Since when did Cupid become the villain?

In Dating. on February 6, 2011 at 6:40 pm

When I was a small child, my parents wrapped me up in a blanket and placed me gently in a basket. They drove hours from our home and ended up at the outskirts of the infamous witch’s lair. They hiked for two days up the mountain, with the basket in hand. When they were at the top of the mountain, the witch let them in and offered to place a curse on me. My parents, having always wanted to have a cursed child, agreed to this. The witch placed a curse that when I grow up, I shall never have a boyfriend during major holidays.

I’m positive this is not how it went down, but even if it was, I have to admit that I am not entirely ungrateful. In my adult life, whenever those holidays role around, I somehow find myself single. Some people would’ve stomped right up that witch’s mountain and knocked her off a cliff…but not me. Holidays are always associated with love, and the first thing we think of when we think of love, is the relationship. We feel like if we don’t have our soul-mate by our side on Valentine’s Day that we have somehow failed as human beings. We decide to curse Valentine’s Day and proclaim it to be an “advertiser’s fantasy in which silly lovers spend way to much money on each other.” We decide to wear black and go into mourning. We decide to drink our sorrows away. We decide to curse men, and say that we don’t need them anyway. We decide to watch too many chick flicks to figure out what we’re doing wrong.

How do I know all of this? Because, I’m guilty of doing all of these things.

This year, I’m grateful for that damn witch on the mountain, because this is the year I change my outlook.

It all started with a facebook update from one of my friends, saying that someone else might be joining us on V-day. The plan was to Suit-Up and watch a ridiculous amount of “How I Met Your Mother” all the while sipping the beverage of Robin: Scotch. As we started to make plans for that day, it was no longer about “making sure none of us single folk were alone on V-day.” Or, “doing anything in our power to forget that we are single.” It was about being with friends, and enjoying a day together that is hard to come by with our crazy schedules.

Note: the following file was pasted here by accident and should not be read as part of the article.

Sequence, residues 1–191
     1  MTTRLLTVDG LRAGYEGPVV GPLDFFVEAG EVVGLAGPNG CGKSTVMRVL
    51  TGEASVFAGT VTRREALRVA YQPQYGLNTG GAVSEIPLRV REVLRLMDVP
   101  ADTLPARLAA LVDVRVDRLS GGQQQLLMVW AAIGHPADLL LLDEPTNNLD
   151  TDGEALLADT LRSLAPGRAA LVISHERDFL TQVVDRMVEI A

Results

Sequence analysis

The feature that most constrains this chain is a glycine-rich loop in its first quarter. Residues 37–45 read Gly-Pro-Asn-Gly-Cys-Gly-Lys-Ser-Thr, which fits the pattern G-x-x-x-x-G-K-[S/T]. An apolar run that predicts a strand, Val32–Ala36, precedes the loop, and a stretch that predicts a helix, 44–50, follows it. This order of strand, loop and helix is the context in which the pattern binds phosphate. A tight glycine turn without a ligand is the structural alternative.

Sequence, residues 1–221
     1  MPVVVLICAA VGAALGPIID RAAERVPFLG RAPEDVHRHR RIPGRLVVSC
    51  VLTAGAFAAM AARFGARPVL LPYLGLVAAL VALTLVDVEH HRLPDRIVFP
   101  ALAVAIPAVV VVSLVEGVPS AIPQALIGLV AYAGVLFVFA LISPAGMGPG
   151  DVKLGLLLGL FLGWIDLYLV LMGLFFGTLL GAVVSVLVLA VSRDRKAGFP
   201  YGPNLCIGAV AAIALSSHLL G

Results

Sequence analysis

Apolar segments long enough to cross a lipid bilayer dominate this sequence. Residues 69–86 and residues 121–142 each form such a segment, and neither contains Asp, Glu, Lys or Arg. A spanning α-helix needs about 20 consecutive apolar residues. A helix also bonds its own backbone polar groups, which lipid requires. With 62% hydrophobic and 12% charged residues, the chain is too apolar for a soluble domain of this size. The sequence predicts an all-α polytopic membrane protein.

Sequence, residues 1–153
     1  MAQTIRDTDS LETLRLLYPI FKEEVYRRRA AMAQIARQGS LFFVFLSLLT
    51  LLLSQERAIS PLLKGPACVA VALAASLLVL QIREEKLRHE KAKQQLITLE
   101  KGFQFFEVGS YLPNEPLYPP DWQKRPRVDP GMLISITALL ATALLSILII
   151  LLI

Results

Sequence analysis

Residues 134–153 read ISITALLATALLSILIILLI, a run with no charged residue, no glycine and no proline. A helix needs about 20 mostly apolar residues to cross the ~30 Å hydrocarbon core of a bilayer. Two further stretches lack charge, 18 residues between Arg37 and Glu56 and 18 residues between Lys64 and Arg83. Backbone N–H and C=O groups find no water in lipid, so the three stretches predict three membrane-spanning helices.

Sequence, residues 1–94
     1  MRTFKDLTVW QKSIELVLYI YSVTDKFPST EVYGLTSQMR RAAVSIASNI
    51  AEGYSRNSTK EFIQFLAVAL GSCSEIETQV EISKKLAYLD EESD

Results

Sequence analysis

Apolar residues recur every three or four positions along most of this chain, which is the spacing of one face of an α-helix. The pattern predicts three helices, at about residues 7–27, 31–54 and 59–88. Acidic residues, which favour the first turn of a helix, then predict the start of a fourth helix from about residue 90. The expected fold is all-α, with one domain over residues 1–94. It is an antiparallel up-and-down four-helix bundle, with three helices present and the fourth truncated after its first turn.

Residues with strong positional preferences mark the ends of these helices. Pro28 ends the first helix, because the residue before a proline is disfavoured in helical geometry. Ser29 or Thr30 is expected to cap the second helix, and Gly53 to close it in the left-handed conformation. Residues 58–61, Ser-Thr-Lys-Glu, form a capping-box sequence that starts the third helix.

This Valentine’s Day, here is what I’m grateful for.

I’m grateful that I can say that I’ve been in love. I’m even grateful that I’ve had my heart broken. It’s called life, people. Live it.

I’m grateful for the men in my life who it didn’t work with relationship-wise. They’ve shown me what love can be, and also that friendship isn’t a consolation prize…but sometimes, friendship is the best form of love between two people.

I’m grateful that I have a fantastic father-figure in my life. Anyone who can discuss my netflix queue for an hour is my absolute hero.

I’m grateful for the love of my family. We drive each other crazy. We scream. We yell. We throw things. We disagree. But at the end of the day, we care about each other. Otherwise, we would probably just be silent.

I’m grateful for my friends. I’m spastic, A.D.D., loud and confused. Anyone who can handle that for more than five minutes and still want to keep me around, is ok in my book.

I’m grateful that I am single. Am I anti-relationship? Hell no. The one thing that people forget about when they are single, is the “hope factor.” There is the hope that something new is on the horizon.

So this Valentine’s Day, don’t forget what the day is about. It’s not about red balloons. It’s not about expensive restaurants. It’s not about maxing out your Victoria’s Secret credit card. It’s not about crying and being depressed.

It’s about Love.

It’s too bad that we need a holiday to remind us of it, but sometimes, we need a kick in the ass to get there. Happy V-day everyone, from my heart to yours.


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